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Springtime Abracadabra: Ruff Majik’s “Seasons”

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There are very few countries more metal than South Africa. Don’t believe me? Look it up. Aside from being the second largest producer of gold, the country at the southernmost tip of Africa happens to be the world’s largest producer of chrome, manganese, and platinum.

Of course, if you’re looking for metal bands going platinum rather than mining it, it’s a different story. Thanks to the Internet and Bandcamp, some bands have a bit of name recognition outside of Johannesburg, and it’s a diverse bunch: Zombies Ate My Girlfriend took their funny name and melodic death metal all the way to Wacken after they won the South African metal battle in 2016, and their countrymen Megalodon did the same with their Meshuggah-inspired prog-groove metal the next year. The Drift stayed home to support Lamb of God on their South African tour.

Still, it’s an uphill climb for a South African band to attract international attention. It might be doubly so for Ruff Majik, and not just for the name no sufferer of Ortographobia can love. The metal that has emerged from the region tends to be death and groove metal, most of it overblown and luxuriant, whereas these three dub themselves the “Atomic Trinity” and worship all things fuzzy and retro. Their new album Seasons releases this Friday.

It’s possible that a Cape Town retro-metal scene centered around the bands Kuduchild and Red Huxley were an inspiration. Even though those bands faded away a couple of years ago, they constituted a genuine scene that looked to the Desert Rock of late 1980s and early 1990s Palm Springs for inspiration. Ruff Majik is a little more specific, emulating early Kyuss although with perhaps even more of a straight blues-rock band mentality.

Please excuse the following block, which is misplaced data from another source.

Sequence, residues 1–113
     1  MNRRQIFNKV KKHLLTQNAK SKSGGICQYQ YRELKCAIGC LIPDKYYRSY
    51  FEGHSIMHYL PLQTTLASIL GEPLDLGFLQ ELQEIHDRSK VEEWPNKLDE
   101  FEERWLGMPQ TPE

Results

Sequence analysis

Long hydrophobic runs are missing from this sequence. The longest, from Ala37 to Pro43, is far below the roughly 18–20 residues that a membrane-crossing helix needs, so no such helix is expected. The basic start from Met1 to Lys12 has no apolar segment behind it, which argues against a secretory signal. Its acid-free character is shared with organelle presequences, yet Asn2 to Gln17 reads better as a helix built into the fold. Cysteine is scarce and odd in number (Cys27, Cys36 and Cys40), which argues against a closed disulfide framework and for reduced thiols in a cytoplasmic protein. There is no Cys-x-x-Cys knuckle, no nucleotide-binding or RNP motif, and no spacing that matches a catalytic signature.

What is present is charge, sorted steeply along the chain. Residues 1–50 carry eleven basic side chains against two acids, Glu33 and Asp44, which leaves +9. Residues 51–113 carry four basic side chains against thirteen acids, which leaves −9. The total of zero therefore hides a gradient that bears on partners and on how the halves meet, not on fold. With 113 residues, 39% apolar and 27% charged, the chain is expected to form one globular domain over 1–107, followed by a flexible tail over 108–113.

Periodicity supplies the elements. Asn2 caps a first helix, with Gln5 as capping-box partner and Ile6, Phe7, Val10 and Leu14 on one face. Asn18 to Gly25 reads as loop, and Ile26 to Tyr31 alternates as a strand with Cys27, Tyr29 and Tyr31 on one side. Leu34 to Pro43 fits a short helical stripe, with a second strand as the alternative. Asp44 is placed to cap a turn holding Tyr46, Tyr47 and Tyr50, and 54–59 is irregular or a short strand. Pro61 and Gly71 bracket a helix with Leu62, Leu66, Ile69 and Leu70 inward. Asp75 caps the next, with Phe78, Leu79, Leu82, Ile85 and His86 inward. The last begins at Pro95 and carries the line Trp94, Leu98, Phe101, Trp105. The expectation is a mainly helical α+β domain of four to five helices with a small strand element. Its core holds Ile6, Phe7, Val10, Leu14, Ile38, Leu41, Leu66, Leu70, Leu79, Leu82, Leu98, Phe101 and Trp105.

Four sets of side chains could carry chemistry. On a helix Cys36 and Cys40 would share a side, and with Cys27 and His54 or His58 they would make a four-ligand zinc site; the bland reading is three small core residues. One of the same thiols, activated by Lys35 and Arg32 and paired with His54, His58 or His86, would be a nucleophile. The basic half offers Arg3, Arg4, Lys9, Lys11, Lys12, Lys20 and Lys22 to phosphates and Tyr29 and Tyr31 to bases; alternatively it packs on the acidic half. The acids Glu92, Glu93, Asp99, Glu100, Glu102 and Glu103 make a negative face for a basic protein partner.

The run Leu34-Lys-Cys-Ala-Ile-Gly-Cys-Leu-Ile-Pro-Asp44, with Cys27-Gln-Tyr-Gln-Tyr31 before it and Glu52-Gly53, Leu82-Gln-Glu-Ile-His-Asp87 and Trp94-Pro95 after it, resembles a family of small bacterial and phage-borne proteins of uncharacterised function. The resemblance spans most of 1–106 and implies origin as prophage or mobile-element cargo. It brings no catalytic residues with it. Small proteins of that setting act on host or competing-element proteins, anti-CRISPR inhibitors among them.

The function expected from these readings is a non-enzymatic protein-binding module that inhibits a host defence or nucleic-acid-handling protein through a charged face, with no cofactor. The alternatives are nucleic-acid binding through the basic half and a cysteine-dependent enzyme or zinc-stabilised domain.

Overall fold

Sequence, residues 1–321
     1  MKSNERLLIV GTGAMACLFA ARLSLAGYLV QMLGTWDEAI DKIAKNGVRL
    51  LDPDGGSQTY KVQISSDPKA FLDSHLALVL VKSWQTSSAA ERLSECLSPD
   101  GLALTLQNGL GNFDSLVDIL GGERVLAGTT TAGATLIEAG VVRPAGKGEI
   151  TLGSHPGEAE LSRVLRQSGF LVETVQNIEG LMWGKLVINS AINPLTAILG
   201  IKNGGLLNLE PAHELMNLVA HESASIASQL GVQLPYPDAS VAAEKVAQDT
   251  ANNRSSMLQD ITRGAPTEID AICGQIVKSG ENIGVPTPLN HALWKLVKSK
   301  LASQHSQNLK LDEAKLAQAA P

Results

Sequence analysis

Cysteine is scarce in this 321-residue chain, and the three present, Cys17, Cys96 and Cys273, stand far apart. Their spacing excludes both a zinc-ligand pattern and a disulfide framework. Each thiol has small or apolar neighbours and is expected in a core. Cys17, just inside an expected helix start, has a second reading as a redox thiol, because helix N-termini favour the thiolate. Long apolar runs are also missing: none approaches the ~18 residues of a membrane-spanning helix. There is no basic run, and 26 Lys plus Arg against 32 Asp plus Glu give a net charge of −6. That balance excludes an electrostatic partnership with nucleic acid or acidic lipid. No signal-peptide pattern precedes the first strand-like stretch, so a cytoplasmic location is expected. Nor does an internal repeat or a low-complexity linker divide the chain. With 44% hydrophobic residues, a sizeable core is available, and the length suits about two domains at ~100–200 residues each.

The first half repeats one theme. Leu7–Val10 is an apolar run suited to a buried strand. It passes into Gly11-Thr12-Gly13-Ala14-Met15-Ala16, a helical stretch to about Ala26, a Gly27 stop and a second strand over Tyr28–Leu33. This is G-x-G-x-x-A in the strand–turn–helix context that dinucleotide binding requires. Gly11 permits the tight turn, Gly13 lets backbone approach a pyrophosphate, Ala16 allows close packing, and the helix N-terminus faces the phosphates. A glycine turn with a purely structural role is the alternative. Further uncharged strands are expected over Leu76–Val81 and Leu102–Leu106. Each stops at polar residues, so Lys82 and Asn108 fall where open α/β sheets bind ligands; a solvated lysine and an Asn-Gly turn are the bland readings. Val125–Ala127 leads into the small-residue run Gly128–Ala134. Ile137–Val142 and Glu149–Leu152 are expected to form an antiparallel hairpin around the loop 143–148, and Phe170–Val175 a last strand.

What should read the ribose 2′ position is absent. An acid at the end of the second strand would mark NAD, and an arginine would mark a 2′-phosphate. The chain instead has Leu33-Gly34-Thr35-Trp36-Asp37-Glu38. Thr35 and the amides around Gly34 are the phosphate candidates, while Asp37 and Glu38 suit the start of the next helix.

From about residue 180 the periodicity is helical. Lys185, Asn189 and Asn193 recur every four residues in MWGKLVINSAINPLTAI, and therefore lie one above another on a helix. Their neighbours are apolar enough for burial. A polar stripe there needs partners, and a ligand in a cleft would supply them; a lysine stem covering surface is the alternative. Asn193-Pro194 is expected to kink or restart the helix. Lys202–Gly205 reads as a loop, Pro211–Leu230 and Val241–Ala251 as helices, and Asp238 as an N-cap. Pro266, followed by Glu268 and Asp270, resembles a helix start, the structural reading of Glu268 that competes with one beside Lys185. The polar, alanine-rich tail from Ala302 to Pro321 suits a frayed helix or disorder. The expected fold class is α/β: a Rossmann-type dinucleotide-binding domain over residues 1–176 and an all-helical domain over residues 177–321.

The more metallic moments stand out. “Last of the Witches” is fuzzy funk led by Ben Manchino’s busy drums and Johni Holiday’s guitar which goes from Eddie Hazel to Tony Iommi in the blink of an eye. “Gone Down in the Woods Today” and “Hanami Sakura (and the ritual suicide)” are better than most of the Zeppelin-come-lately clones that littered the landscape not too long ago. “Birds Stole My Eyes” has a slippery bass-line from Jimmy Glass lead a song that is simultaneously among the speediest and sludgiest on the debut album after a slew of EPs.

Sometimes the band remembers that even Sabbath were a bunch of hippies. This manifests itself in “Tar Black Blood,” the shortest track on the disc, as well as the 14-minute album closer “Asleep in the Leaves” which seems to be an organic rock opera of sorts. It tries to be epic but only partially succeeds, a victim of its own ambition. When the whole song stops and then returns with clean guitar, you wonder who invited Tesla to jam.

Despite the occasional misstep, there’s a lot more to like about Seasons than there is to criticize. There’s an authenticity to Ruff Majik that is just as valuable as the other metallic exports from their homeland even though no amount of gold can buy it.

— Brian O’Neill

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